Technology + Online + Industry + Partnerships
T+L Conference to Celebrate Its 20th Anniversary
An expected 2,000 educators will sample new technology tools at the annual show.
SPEAKER Inventor Ray Kurzweil will
deliver one of the three keynote
addresses at this year’s T+L conference.
THE NATIONAL SCHOOL BOARDS ASSOCIATION is returning to its original venue of Dallas, TX, this year to celebrate the 20th anniversary of the Technology + Learning (T+L) Conference. From Nov. 8 to 10, the expected 2,000 attending school district leaders, principals, and educators will explore the latest technology tools on the market and discover how they’re used in administration offices, parental engagement and community outreach, and most importantly, studentachievement in the classroom.
Three keynote speakers will bring a variety of viewpoints to the conference:
- Inventor Ray Kurzweil, who developed the first text-to-speech reading machine for the blind and the first charge-coupled device (CCD) flatbed scanner. He is best known for his views on the future of consciousness and intelligence as we move toward revolutionary new technology.
- James Paul Gee, the Tashia Morgridge professor of reading at the University of Wisconsin-Madison, who is also a writer and cultural analyst. He will share the results of his studies on the effect of video games on language learning, and the capacity of these games to boost learning.
- Founder and president of the Economic Strategy Institute Clyde Prestowitz, a noted expert on global change and economic policy. He will offer his insights on how to prepare students to compete in the new world economy.
Throughout the event, sessions and programming strands will address technology planning and management needs, with an additional focus on implementation. Nov. 7 will feature a site visit to Carrollton-Farmers Branch Independent School District, where a technology training and integration model called the Beyond Hardware Initiative is being implemented. The visit will allow attendees a close-up view of how schools can benefit from the presence of technology in the learning environment.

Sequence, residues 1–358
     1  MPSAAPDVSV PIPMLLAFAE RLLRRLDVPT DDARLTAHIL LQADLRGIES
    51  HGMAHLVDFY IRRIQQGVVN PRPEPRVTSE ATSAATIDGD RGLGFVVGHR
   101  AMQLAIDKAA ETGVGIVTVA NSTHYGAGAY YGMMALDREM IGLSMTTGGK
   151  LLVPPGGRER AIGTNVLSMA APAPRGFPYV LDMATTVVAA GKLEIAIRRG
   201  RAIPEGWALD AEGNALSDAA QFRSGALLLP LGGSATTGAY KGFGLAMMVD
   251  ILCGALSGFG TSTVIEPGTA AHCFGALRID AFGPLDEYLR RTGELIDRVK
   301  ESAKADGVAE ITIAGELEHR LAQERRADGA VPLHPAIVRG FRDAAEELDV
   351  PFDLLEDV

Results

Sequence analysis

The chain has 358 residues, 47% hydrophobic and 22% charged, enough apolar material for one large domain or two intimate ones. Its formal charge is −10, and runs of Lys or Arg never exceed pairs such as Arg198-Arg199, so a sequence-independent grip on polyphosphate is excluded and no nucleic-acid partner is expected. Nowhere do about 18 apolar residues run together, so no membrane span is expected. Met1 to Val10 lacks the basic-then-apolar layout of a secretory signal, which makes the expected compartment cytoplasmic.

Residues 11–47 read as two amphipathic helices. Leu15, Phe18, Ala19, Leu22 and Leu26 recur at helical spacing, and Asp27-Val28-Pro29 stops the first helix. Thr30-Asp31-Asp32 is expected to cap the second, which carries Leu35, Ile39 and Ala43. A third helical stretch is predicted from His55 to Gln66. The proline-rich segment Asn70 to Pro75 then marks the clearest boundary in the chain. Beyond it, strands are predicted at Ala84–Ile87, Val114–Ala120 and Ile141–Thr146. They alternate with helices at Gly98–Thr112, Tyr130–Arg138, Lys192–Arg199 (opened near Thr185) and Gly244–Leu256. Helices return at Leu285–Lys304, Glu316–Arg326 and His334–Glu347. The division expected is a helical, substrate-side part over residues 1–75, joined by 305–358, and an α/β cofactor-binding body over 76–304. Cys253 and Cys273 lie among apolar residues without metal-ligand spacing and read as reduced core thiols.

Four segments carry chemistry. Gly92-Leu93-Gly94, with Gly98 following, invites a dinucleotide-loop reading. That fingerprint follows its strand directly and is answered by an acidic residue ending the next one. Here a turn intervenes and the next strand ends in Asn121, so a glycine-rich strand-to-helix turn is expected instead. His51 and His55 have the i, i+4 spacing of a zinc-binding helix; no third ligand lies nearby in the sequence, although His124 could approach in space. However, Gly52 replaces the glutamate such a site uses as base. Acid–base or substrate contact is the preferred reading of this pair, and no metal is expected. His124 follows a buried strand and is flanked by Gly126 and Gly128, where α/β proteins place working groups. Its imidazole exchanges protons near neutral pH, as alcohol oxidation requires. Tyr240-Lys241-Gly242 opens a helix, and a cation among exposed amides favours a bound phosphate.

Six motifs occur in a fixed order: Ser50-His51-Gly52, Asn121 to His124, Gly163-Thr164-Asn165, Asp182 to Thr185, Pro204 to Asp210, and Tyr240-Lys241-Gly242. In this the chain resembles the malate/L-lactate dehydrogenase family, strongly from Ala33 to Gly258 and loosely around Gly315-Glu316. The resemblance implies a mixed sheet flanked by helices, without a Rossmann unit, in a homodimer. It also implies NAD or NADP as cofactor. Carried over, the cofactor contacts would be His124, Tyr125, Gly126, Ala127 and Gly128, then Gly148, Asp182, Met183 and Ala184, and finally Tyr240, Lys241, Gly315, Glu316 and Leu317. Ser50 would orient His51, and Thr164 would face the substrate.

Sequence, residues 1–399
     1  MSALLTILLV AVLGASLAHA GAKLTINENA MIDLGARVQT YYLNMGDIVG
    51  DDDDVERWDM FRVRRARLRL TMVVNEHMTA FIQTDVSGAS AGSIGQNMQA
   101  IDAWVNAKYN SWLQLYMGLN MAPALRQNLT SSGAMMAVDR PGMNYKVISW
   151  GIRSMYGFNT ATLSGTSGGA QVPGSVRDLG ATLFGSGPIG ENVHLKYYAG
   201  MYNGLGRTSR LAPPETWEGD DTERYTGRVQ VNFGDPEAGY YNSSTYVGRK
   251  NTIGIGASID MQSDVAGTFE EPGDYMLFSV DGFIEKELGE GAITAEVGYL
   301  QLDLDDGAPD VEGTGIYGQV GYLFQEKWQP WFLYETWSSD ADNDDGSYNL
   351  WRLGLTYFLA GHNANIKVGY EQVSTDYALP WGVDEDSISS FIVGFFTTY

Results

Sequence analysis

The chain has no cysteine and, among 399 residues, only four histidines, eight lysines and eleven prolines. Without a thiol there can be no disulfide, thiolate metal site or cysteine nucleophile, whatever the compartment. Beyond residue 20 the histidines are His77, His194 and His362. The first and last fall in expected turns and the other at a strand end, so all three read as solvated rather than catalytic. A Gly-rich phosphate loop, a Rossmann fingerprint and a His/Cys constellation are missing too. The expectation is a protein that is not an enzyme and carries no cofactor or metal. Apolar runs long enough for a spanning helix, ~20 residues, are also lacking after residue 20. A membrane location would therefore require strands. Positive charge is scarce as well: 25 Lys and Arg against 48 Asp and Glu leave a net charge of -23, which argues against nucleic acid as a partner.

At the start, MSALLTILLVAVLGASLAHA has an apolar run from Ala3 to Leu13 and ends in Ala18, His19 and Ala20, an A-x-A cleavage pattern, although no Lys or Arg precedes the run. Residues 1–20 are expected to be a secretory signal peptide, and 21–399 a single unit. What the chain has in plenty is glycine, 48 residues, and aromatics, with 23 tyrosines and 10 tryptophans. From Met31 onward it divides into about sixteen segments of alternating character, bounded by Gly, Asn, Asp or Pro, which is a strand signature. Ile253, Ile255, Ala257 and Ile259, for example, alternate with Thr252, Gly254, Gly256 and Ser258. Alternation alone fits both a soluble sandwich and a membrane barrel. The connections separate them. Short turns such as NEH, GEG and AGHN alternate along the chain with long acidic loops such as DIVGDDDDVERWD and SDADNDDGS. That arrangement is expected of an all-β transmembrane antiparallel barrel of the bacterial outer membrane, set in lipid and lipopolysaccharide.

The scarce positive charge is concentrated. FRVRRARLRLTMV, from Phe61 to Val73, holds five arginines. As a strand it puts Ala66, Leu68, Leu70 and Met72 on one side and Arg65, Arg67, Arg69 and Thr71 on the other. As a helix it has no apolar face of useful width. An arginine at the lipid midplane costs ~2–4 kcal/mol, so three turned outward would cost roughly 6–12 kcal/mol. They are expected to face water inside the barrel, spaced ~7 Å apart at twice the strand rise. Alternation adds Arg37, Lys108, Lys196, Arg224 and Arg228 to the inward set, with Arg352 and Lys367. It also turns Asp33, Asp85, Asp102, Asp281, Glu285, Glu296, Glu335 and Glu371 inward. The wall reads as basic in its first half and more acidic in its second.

On the exhibit hall floor, more than 350 vendors will showcase their newest education solutions. Many conference mainstays will be in attendance, such as Palm, Discovery Education, and Promethean, as well as niche companies such as Central Xchange and SchoolDude.com.
Digication offers software solution for cash-strapped schools
Schools short on money but long on software needs should check out Digication, which offers a simple webbased content management system as an alternative to pricey and complex learning management systems. The online suite provides ePortfolio and secure file-sharing tools, and it enables teachers to create internet communities for their students. The software is educator-created and free to a school’s first 1,000 users (including students, teachers, and staff). Additional users cost $20 a year. Alumni are free and don’t count against the first1,000 users.
Modeled after popular webmail providers such as Yahoo! and Hotmail, Digication was designed to be easy to use. The suite is made up of two components: Digication Campus, an online collaboration solution intended for classrooms and internet school communities, and Digication Spotlight, an online digital portfolio and secure social network for teachers, students, and alumni. Features include dynamic posting of course materials, chat, grade recording, and separate teacher and student access.